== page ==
A Lesson from Confucius: The Concept of a Chun-Tzu

Every one of us desires to live in a place where peace and harmony exists. Nobody in this world would deny a life that is peaceful and meaningful, nor deny a place where he, together with his love ones is well-secured. Since man live in a world that is full of trials, he is prone in experiencing the difficulties and challenges in life. We cannot deny the fact that the world we are living is not safe at all. Immorality is observed everywhere; corruption in any aspect is rampant; ignorance imprisons a lot of people, etc. Considering all of the influences that this world can give us, we strive to overcome all of these treats, and make important actions that only rationality can provide.

Here comes a man with an idea on what is to be really a man of rationality. Confucius was considered a moral philosopher of the ancient China. His philosophy was mainly concerned about the practical way of life. He lived in a warring state period where violence and injustice is rampant.


Judgment, Proposition, and Sentence

Judgment is made when we compare, contrast, or state relations between or among ideas. In this mental operation, the mind expresses the ideas’ agreement or disagreement.
Making a judgment is mentally affirming or denying one idea of another. For instance, our intellect may associate the ideas ‘this fruit’ and ‘apple’ to pronounce, This fruit is an apple.”


A Short History of Logic

A Short History of Logic
© 2010 by Jensen DG. Mañebog
Notable pre-Aristotelian philosophers who prepared the way for the formal study of Logic include Zeno of Elea, the Sophists, Socrates, and Plato. 
Ancient Period  (650 B. C.-400 A.D.)
Considered by some as the founder of dialectic, Zeno of Elea (490-430 B. C.) provided early examples of arguments and paradoxes. Socrates (470-399 B. C.) gave emphasis on definition, deduction, and the use of dialectic to obtain non-relative truths. Plato, his student, was also concern about truth in such a way that the correspondence theory of truth—that which attempts to make the connection between the world and our descriptions of it—can be attributed to him.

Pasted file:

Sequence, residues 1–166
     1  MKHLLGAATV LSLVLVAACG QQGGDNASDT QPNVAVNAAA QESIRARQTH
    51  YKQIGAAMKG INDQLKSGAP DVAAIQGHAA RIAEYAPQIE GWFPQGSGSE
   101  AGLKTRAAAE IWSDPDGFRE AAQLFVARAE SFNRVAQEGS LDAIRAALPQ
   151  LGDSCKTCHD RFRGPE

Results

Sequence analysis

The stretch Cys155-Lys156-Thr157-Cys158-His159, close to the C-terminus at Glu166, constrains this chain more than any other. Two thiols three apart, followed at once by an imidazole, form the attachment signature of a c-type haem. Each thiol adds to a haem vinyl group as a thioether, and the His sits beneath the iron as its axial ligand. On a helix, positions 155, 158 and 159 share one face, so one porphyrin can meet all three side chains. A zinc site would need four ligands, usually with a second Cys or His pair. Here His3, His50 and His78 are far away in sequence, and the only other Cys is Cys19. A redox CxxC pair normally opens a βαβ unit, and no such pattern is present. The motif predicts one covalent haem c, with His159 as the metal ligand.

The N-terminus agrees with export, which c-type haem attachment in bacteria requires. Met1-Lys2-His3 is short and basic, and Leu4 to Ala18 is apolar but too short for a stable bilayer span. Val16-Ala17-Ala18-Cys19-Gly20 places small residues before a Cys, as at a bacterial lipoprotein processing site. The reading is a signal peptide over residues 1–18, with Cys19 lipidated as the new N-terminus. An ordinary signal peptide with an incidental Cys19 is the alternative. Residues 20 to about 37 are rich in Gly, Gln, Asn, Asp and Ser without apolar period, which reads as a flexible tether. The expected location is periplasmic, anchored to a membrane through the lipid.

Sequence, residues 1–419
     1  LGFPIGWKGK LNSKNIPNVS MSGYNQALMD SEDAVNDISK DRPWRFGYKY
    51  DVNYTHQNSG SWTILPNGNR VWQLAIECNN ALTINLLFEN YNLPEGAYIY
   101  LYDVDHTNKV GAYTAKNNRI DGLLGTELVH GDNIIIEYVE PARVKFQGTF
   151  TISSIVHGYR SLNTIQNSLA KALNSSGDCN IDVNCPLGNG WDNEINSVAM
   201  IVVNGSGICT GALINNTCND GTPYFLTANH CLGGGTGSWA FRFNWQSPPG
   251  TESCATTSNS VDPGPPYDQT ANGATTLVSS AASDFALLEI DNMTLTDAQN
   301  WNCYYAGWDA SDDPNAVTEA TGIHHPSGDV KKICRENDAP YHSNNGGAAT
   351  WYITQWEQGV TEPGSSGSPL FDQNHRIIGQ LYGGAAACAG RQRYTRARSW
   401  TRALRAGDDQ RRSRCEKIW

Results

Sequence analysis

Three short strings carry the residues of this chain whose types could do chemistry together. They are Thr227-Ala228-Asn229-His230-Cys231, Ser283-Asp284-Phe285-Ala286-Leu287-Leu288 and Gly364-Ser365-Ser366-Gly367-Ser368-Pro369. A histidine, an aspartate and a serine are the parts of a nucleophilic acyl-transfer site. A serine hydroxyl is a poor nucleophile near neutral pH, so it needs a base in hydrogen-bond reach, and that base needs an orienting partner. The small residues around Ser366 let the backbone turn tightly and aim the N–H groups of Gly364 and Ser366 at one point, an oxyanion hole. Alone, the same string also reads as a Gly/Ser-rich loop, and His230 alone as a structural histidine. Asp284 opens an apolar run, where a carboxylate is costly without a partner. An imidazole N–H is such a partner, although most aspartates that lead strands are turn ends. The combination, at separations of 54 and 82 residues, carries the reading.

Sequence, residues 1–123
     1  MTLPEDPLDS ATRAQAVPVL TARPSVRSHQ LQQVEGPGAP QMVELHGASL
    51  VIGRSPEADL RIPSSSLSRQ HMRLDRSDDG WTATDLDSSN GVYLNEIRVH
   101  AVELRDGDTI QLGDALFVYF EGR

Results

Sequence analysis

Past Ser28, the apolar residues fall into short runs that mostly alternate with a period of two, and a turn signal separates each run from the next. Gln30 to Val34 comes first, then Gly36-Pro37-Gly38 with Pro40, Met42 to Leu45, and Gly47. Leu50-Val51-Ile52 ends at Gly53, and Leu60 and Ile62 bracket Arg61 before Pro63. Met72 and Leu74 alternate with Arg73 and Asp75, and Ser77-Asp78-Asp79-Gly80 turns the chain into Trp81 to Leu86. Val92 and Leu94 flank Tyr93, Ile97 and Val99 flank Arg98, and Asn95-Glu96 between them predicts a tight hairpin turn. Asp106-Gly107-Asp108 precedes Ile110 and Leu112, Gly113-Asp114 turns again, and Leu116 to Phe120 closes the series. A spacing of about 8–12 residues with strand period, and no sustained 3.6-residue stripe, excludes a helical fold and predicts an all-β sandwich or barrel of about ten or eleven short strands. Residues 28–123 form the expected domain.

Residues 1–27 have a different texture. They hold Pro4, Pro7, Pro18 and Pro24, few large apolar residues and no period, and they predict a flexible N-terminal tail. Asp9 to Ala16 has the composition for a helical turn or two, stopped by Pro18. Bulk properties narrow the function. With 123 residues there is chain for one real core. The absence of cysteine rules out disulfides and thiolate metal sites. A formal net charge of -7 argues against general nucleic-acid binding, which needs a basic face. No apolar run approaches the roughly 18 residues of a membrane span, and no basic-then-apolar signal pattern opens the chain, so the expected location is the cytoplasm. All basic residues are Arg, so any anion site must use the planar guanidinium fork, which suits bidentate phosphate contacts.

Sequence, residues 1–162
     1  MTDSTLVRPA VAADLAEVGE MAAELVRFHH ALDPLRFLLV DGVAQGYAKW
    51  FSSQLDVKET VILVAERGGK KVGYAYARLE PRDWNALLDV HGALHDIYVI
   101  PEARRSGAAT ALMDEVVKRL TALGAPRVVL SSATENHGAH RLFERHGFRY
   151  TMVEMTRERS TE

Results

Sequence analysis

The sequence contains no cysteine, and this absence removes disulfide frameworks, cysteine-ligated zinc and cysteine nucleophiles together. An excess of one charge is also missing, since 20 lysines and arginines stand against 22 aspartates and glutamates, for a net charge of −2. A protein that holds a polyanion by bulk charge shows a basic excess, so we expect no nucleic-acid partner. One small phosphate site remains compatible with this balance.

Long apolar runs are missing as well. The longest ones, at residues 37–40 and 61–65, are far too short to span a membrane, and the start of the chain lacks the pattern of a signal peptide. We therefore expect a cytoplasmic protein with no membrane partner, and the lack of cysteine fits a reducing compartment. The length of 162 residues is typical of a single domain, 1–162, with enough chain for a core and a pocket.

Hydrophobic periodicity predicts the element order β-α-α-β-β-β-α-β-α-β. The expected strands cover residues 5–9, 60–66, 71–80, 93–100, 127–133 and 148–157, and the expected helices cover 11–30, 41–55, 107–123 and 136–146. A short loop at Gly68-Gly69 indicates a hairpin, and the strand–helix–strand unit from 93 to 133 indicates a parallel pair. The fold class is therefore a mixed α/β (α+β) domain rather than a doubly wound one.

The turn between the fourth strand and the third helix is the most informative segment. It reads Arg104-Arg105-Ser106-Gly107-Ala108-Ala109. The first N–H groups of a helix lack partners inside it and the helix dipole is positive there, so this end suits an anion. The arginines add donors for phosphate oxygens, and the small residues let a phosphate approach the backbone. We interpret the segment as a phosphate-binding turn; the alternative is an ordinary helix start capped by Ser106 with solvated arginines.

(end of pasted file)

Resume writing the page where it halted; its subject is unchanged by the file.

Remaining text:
Questions for Discussions and Oral Exam in Ethics

The following are some questions and topics which can be used for essay questions, during discussions, and for oral examinations in Ethics (Moral Philosophy):
Ethics: A Primer
1. Relate ‘morality’ and ‘ethics.’
2. Why is the subject Ethics important?
3. Why is it significant to know the correct foundation of morality?
4. Which is more sensible: moral supernaturalism or moral secularism? Defend your answer.
5. “Secularism or Enlightenment thinking is not the answer to the question on what should be the foundation of morality.” Agree or disagree. Explain your answer.
6. “Atheism inevitably leads to violence and hedonism.” Agree or disagree. Prove.
7. Differentiate moral supernaturalism and moral secularism.
Ethics: General Subject Areas and Fundamental Concepts
1. Differentiate deontology and teleology.
2. Contrast meta-ethics with normative ethics.
3. Why is applied ethics important?
4. Agree or disagree: “Moral universalism is more plausible than moral relativism.” Defend your answer.
5. “Moral cognitivism is more sensible than moral non-cognitivism.” Justify/criticize.
6. “Empiricism, rationalism, and intuitionism are sensible theories in Ethics.” Justify/criticize.


Logic, Critical Thinking, and Philosophy

In this sentence, the word ‘Logic’ is used to refer to someone’s argument or reasoning. It exemplifies one of the various ways the term ‘Logic’ is defined. However, we are more concerned here with the word ‘Logic’ as referring to the name of an academic subject taught in colleges around the world, as in “Philosophy 101: Introduction to Logic.”
Logic defined
Etymologically, the word ‘Logic’ came from the Greek word ‘logos’ which means ‘reason.’ It is thus not surprising that the subject deals with human reason or modes of reasoning. As a field of study, Logic teaches the rules for correct and proper reasoning.
            The famous philosopher Thomas Aquinas defined Logic as “the science and art which directs the act of the reason, by which a man in the exercise of his reason is enabled to proceed without error, confusion, or unnecessary difficulty." The classic Logic textbook ‘Port Royal Logic’ (1662), on the other hand, defined it as “the art of using reason well in the acquisition of the knowledge of things, both for one's own instruction and that of others."
          Nowadays, Logic is comprehensively defines as “the philosophical science and art that analyzes arguments and inferences to discern valid from invalid forms of reasoning.”


Guides in Symbolizing Statements and Arguments

© 2012 byJensen dG. Mañebog